There are many colors that will work on the canal but the two main patterns for plugs are Green Mackerel and Bone. Mackerel are the key forage for Striped Bass in the canal. Other prey is available, including Squid, Herring and Bunker, but Mackerel is the bait that fuels this fishery. When picking colors for my plugs I make sure to have at least a couple of each plug in a mackerel pattern. In 2019 the regular Green Mackerel pattern was the hot ticket for me. In 2020 the new Wacky Mackerel pattern (combination of Green Mack and Bone) was the go-to color for the bigger fish. For topwater plugs, I will once again fish the Green Mack patterns but I would also suggest having a few in the Bone pattern and a couple in an all Yellow school bus pattern. When throwing to breaking fish having a solid color, that is easy for them to see can be important.
Before I arrive, I research where the fish have been showing up on the canal. There are several forums, blogs and pod casts that report on the bite in the canal. I have personally had the most luck in the middle to west end of the canal. I will park at an access point close to where the fish have been and with the bike work that general area. The canal connects Buzzards Bay on the west end and Cape Cod Bay on the east end. Buzzards Bay is shallower than Cape Cod Bay and the water warms up faster. Therefore, most of the early season (May/June) fish tend to be caught on the middle to west end. One unique thing you will notice about the canal is the direction of the water and the tides are not lined up exactly. The water will change direction (from east to west or west to east) an hour before high tide and low tide. The key is to be in the right spot when the tide turns from west to east. I will typically be somewhere on the west end early in the morning and fish that location until the tide turns east towards Cape Cod Bay.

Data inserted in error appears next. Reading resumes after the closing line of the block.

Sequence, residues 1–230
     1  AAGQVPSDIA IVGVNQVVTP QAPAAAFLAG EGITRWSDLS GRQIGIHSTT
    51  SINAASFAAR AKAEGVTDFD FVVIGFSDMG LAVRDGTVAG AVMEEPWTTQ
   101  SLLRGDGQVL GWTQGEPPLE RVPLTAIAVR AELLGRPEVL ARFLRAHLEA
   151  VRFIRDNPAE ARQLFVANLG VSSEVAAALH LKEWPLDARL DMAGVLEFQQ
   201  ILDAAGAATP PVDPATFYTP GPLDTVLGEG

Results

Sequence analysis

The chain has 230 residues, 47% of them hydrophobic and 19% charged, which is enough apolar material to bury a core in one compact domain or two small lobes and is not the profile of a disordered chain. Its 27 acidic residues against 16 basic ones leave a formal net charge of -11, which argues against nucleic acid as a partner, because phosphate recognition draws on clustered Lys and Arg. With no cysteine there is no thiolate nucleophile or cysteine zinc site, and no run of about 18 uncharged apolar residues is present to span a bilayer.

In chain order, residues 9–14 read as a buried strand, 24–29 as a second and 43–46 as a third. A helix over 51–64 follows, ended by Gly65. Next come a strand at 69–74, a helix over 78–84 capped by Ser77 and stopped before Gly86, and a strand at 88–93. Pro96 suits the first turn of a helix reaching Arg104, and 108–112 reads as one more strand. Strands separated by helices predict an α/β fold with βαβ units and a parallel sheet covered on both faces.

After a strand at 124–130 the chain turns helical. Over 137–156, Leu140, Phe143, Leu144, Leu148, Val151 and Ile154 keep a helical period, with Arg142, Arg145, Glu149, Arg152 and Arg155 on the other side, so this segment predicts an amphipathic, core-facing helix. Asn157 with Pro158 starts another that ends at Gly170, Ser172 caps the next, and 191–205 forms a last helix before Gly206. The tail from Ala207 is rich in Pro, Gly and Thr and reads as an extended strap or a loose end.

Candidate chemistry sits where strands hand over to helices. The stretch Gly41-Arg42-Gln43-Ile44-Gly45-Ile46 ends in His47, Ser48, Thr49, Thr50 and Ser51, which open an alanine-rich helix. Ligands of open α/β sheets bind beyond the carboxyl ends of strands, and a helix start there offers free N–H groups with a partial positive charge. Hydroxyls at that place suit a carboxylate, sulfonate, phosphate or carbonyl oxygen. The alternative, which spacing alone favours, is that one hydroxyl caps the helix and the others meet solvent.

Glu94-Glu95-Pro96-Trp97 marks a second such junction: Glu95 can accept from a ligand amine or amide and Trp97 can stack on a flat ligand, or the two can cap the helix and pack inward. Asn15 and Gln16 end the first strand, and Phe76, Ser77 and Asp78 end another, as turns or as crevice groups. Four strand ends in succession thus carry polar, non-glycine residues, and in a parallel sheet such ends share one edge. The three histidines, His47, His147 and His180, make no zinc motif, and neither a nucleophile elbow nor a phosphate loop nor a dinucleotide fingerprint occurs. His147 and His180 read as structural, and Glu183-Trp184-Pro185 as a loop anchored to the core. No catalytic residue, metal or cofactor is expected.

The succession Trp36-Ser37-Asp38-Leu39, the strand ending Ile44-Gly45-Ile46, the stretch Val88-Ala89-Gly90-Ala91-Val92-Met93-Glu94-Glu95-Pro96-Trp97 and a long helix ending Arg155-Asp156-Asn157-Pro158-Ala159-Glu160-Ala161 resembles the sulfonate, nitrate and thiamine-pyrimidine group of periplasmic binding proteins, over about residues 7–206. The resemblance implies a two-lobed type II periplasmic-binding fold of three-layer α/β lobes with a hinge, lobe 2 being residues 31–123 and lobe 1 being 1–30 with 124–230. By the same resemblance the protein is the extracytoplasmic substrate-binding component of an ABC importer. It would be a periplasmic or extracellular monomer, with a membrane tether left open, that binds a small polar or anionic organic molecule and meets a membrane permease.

I am not a stationary fisherman. I grew up chasing fish down the beach or up and down the pier. So, when the tide turns east, I wait for a school of Striped Bass to push the mackerel through and I will jump on bike and follow them for several miles, picking away at fish as I go. I will catch a few, when they pass by, I jump on the bike and find an open spot farther east and repeat as I go. A lot of guys will won’t put in the effort to move, instead choosing to wait for the next school.